A new Vacant Homes Tax (VHT) was introduced in Budget 2023. The primary objective of this is to increase the availability of housing, but landlords need to be aware of the restrictions on allowable pre-letting expenses when calculating their rental profits.
Vacant Homes Tax (VHT)
VHT applies to residential properties which have been occupied for less than 30 days in a chargeable period.
VHT is calculated at three times the residential property’s local property tax (LPT) liability.
The following will be exempt from the VHT:
- Properties recently sold or listed for sale or rent.
- Properties vacant due to illness or long-term care of the occupier.
- Properties which were the principal residence of a deceased chargeable person in either the chargeable period or in the 12-month period prior to the commencement of the chargeable period.
- Properties which were the principal residence of a deceased chargeable person where a grant to administer the estate issues in the chargeable period and for any chargeable period following such a grant, where the administration of the estate has not yet completed.
- Properties which are vacant due to significant refurbishment work.
The first chargeable period runs from 1 November 2022 to 31 October 2023.
A VHT return will be due by 7 November 2023, with the tax payable by 1 January 2024.
In determining the taxable rental profits from the letting of residential property, a landlord may claim a deduction for the following expenses:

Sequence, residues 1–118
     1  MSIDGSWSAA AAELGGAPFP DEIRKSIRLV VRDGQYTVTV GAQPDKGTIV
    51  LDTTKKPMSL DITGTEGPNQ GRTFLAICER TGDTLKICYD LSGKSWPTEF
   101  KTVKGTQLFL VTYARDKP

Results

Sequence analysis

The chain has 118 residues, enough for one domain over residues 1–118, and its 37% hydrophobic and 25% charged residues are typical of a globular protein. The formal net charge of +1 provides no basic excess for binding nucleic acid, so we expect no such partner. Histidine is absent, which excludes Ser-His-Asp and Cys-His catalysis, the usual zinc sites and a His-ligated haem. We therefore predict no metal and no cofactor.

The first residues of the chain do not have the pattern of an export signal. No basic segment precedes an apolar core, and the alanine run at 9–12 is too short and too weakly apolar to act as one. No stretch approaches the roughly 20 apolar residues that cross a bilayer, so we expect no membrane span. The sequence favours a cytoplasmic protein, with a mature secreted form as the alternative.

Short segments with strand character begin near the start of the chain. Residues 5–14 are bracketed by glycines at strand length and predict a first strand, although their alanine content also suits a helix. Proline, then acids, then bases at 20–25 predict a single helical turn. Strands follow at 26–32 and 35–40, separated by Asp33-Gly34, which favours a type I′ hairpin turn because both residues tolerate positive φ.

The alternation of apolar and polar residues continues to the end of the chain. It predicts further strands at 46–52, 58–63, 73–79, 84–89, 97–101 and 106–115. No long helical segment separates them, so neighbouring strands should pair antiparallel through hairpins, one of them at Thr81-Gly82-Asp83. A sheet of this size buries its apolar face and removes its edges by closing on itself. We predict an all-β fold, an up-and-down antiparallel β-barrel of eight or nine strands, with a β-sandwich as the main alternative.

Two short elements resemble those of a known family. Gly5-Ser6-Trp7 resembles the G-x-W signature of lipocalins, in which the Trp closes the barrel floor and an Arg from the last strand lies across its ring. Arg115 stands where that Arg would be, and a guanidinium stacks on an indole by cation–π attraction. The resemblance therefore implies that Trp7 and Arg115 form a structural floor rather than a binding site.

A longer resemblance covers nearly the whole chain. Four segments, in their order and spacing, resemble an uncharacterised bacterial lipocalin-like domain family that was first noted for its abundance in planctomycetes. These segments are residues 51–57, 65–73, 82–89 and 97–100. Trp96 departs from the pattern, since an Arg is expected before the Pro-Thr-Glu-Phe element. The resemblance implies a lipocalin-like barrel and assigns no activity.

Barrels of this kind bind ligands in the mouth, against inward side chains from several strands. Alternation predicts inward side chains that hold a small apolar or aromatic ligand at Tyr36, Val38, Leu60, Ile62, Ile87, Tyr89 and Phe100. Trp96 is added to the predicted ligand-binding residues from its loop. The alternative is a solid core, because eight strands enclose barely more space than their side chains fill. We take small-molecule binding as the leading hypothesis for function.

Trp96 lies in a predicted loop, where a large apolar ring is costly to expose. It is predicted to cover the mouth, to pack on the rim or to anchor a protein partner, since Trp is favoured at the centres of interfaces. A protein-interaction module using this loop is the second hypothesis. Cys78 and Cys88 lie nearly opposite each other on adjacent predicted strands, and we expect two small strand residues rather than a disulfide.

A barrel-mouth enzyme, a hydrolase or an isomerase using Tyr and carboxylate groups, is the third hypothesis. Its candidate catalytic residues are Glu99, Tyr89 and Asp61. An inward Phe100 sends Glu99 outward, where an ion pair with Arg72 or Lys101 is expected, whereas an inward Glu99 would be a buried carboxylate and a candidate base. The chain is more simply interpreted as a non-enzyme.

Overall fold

- Private Residential Tenancies Board (PRTB) registration.
- Insurance premiums.
- Maintenance & repairs – e.g., cleaning, painting and decorating, general property maintenance.
- Property fees – e.g., management fees, letting advertising, legal or accountancy fees.
- Costs not repaid by tenant – e.g., light & heat costs.
- Capital allowances on qualifying capital items – e.g., furniture, white goods.
However, with the exception of property-related fees such as letting or legal fees incurred on the first letting, a deduction is not permitted for expenses incurred prior to the first letting of the property.
The Finance Act 2017 sought to address the above and introduced an allowable deduction of up to €5,000 for certain pre-letting expenses incurred on vacant residential properties. From 1 January 2023, this cap on the authorised deduction has been increased to €10,000 and the specified period for which the property was vacant has been reduced from twelve to six months. The landlord must incur the expenditure during the twelve months prior to first letting the property.
If the landlord ceases to let the property within four years, the deduction for the pre-letting expenses will be clawed back in the year in which the property ceases to be let as a residential property. Importantly, a clawback will be triggered if there is a change of use from residential or if the property is sold.
If you need any assistance with VHT or Pre-Letting Expenses, please contact Niall Grant, Partner in our Tax Services’ Department.